This is where Milioti’s Sarah comes in. She’s not the standard love interest (to great delight) nor is she the typical spiraling fuck-up who must become a better person to break free, a la Groundhog Day (woohoo!). Unlike Nyles, the audience gets to know Sarah, exploring why the time loop is both savior and jailer, offering answers that are continually interesting and striking. Like Samberg, Milioti is adept at juggling the tonal shifts that occur frequently out of nowhere. In one moment, Palm Springs has you laughing as Sarah throws a Millionth Birthday Party for Nyles and, in another, has you considering the psychological implications of never-ending today as it relates the fragility of Man. Keep in mind, by the way, that Milioti is not “keeping up with Samberg.” She is blazing her own path in Palm Springs, stealing the light from him nearly every time she appears. This is critically important in the scope of the film because, and this goes back to the phrasing regarding fragility, Sarah is anything but. Her story, in comparison to Nyles’s, seems the same, but the narrative reveals something darker that the character must contend with that demonstrates a resilience and strength that none of her family recognizes, but that we, the audience, and Nyles come to know quite well.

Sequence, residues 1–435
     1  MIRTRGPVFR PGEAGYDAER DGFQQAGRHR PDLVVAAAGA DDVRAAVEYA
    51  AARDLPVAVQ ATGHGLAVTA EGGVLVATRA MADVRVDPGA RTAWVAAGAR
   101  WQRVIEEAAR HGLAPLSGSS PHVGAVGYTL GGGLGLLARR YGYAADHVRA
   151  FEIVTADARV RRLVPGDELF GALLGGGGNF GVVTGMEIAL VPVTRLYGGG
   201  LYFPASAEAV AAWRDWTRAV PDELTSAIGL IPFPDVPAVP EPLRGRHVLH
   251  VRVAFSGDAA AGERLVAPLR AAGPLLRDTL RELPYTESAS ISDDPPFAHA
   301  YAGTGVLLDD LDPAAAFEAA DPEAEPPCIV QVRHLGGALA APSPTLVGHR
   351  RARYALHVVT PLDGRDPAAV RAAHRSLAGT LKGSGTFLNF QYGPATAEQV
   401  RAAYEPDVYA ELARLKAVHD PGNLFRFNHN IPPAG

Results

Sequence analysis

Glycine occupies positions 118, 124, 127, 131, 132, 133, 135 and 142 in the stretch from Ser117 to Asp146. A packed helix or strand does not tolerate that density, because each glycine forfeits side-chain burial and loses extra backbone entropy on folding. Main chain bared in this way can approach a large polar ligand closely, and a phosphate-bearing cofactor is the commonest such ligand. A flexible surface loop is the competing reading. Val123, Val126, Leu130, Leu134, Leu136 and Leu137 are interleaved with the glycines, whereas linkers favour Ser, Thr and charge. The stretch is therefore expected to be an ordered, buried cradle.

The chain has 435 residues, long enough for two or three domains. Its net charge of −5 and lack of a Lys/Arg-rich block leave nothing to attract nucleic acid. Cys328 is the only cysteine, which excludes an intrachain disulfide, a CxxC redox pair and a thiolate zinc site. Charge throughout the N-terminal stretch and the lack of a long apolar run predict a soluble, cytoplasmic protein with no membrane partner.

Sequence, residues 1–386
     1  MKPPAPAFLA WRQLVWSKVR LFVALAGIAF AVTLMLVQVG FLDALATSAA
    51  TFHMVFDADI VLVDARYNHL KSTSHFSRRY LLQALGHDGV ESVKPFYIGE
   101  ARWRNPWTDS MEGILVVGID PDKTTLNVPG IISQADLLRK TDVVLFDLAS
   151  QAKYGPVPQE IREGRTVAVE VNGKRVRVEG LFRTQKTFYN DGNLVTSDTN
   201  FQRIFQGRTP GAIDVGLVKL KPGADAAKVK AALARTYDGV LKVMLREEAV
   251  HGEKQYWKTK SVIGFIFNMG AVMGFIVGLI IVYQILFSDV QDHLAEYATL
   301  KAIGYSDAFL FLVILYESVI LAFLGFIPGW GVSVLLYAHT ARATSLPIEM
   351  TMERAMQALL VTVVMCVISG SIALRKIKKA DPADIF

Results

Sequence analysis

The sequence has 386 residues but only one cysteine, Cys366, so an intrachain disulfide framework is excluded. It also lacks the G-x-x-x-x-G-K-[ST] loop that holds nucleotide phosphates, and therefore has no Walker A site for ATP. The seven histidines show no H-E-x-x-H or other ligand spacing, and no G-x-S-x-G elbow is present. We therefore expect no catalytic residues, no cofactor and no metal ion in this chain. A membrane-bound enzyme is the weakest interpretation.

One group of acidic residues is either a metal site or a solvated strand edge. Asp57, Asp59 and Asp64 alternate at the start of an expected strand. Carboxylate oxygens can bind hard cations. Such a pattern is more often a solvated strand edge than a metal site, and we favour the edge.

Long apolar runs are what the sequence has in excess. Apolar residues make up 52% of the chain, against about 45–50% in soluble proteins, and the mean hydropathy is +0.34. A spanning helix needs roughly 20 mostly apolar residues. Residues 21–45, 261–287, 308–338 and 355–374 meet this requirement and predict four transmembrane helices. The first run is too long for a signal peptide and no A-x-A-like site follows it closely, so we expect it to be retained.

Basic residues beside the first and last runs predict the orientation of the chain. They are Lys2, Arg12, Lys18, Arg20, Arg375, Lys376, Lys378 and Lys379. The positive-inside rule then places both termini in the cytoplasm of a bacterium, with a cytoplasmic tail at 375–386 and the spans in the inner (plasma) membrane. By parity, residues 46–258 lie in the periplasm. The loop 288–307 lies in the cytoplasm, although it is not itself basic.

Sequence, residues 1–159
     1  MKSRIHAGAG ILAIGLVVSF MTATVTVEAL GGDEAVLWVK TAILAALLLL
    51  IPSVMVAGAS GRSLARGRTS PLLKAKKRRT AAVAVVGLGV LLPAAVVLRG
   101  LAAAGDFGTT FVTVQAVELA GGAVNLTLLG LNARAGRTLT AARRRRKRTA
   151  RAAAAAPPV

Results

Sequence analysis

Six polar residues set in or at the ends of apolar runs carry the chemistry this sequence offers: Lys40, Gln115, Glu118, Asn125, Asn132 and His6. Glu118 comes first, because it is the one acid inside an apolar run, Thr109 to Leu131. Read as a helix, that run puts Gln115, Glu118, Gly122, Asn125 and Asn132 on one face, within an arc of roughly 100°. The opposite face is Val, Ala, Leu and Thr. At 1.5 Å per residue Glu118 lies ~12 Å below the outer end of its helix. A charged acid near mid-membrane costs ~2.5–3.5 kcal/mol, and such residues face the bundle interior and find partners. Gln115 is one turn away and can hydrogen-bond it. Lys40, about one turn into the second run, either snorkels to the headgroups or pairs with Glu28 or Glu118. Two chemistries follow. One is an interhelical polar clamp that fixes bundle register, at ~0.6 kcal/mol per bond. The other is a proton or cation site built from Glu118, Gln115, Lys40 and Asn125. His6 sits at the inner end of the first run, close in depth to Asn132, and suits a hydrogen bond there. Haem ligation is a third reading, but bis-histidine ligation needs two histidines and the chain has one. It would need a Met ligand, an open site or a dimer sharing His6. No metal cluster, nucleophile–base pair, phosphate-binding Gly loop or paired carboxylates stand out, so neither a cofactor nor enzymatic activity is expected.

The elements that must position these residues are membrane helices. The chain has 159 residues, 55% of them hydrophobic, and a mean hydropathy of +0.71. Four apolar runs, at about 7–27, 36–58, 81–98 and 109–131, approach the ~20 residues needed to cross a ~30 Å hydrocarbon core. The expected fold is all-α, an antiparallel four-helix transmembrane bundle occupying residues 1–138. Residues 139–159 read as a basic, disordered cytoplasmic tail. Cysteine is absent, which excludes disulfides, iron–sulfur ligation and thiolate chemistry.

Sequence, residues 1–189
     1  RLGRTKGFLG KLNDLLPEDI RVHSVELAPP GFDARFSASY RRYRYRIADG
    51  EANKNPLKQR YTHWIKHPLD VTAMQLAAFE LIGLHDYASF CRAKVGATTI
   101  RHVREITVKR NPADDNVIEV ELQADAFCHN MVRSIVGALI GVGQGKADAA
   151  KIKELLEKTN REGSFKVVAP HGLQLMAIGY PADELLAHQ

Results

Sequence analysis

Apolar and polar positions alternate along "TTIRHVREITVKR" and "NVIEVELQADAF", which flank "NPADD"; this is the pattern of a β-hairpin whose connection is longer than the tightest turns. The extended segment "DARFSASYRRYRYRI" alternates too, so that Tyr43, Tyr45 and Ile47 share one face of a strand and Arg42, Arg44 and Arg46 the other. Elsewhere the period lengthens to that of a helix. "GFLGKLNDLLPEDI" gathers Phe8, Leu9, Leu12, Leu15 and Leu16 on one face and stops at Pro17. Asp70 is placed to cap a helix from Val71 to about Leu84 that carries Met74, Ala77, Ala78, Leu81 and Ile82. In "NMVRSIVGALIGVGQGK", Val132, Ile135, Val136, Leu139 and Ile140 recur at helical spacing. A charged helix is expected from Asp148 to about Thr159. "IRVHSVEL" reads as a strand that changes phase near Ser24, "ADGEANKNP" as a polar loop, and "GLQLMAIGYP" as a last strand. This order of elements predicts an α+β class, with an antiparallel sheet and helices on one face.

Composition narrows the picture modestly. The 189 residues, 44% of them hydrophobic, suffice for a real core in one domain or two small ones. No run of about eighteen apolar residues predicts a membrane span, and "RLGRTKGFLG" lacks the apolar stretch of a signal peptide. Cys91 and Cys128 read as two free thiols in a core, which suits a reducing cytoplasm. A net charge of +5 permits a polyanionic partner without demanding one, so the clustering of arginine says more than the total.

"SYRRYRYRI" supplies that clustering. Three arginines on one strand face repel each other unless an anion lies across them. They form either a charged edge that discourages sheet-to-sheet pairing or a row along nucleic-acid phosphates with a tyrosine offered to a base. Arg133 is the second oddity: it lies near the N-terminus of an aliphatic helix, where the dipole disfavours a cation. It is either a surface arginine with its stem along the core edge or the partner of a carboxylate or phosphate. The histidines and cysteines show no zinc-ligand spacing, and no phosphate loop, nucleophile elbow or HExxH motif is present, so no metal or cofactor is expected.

There’s a great deal which can be written about Palm Springs beginning with Nyles’s potential institutionalization from his unknown stay within the loop or his willingness to suffer (and have others suffer) if it means he’s a little less lonely. There’s also a recognition of tranquility that comes from recognizing personal responsibility in a brief, yet scene-stealing performance from the always amazing J.K. Simmons (The Legend of Korra). Or the fact that determinism is a lie and only true desire for self-actualization can break devitalizing cycles of pain. If you can believe that a romantic sci-fi comedy from a first-time feature director and two highly talented comic leads can contain all of that and manage to stick the landing, then you’re in for a real treat once Palm Springs hits Hulu. If it feels at all familiar, don’t worry, you’ll break that feeling soon enough.
Available for streaming on Hulu July 10th, 2020.
Final Score: 4.5 out of 5.